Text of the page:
PHILADELPHIA (WPVI) -- The director of the Centers for Disease Control (CDC) was in Philadelphia on Tuesday to participate as a speaker at the Bloomberg American Health Summit in Center City.
Dr. Rochelle Walensky is encouraging people to be proactive and take preventative measures, such as wearing a mask indoors, as respiratory illnesses surge.
"One need not wait for CDC action in order to put a mask on," said Walensky in a call with reporters Monday prior to the summit.
The American Academy of Pediatrics says face masks should not be worn by children under age 2. It recommends face masks be worn by several groups of people, including those over age 2 who have not been vaccinated against COVID-19 and by families with babies under 6 months of age who cannot be vaccinated.
Flu and RSV (respiratory syncytial virus) are circulating at high levels, as COVID cases are ramping up.
Hospital emergency departments are seeing the strain with all the respiratory diseases going around.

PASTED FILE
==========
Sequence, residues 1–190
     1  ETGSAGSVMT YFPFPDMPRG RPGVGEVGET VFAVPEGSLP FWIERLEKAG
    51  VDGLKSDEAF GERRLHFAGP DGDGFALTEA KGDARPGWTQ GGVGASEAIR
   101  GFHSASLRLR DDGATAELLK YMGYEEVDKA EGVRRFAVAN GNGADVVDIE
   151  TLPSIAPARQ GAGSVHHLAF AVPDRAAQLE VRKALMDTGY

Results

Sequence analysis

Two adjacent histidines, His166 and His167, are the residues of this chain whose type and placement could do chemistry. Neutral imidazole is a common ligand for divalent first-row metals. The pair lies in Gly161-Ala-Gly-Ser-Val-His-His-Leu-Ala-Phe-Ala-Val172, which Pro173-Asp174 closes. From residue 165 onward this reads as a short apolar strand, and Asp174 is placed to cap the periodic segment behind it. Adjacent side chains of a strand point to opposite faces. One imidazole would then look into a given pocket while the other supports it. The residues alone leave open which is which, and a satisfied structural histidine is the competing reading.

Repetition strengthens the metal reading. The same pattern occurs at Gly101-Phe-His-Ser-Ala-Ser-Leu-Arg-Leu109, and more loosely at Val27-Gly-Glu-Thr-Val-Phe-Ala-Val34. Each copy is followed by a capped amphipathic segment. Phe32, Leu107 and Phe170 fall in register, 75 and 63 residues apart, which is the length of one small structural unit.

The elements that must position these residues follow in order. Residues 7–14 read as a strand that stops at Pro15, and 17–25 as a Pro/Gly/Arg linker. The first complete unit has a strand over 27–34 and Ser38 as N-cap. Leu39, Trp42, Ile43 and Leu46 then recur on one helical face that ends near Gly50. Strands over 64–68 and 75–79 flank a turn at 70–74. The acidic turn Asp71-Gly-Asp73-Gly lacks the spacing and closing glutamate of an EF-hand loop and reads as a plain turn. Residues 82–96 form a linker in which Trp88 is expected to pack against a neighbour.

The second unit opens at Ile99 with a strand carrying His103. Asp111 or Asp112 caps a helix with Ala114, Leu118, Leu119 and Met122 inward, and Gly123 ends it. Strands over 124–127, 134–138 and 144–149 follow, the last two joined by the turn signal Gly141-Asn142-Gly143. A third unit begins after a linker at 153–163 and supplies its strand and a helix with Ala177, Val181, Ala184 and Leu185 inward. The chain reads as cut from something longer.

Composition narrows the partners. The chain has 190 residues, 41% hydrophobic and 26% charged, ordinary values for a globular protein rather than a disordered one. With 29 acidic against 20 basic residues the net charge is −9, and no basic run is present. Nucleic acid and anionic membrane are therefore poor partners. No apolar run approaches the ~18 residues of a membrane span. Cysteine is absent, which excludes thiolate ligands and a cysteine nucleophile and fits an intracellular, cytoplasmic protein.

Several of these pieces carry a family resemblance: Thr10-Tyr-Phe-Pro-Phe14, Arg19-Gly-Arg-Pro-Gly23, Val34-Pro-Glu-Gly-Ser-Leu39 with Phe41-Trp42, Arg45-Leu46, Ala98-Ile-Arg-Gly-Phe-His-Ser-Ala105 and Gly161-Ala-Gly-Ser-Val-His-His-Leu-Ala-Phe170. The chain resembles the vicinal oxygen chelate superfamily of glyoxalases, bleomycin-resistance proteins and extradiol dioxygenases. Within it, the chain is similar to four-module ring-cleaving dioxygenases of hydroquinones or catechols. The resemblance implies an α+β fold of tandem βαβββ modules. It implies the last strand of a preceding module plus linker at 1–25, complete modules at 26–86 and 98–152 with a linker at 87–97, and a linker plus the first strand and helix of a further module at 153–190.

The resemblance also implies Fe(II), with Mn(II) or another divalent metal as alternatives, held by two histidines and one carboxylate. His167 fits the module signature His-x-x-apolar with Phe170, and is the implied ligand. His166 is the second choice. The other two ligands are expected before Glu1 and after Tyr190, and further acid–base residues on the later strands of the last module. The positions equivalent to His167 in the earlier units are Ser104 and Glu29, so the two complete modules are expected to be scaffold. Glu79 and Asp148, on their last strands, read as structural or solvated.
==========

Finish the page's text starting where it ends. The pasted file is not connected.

Walensky said masking indoors can help curb the spread of sickness, especially in light of the holiday season and holiday travel.
Walensky said this is especially pertinent in areas with high or very high COVID numbers, which now includes areas of Pennsylvania, New Jersey and Delaware.
This week is National Influenza Vaccination Week, and many health agencies are teaming up to encourage people to be up to date on their flu shots, as well as their COVID vaccinations.
Children ages 6 months and older are eligible to get a flu vaccine as well as a COVID-19 vaccine, with "rare exceptions," according to the CDC. Both vaccinations are free and are widely available to doctors' offices and local pharmacies.
Flu activity has been relatively low the last two flu seasons but not this year. While this year's flu shot appears to be a good match the circulating strains, the CDC said vaccinations are lagging compared to previous years.
There is no vaccine for RSV.
ABC News contributed to this report.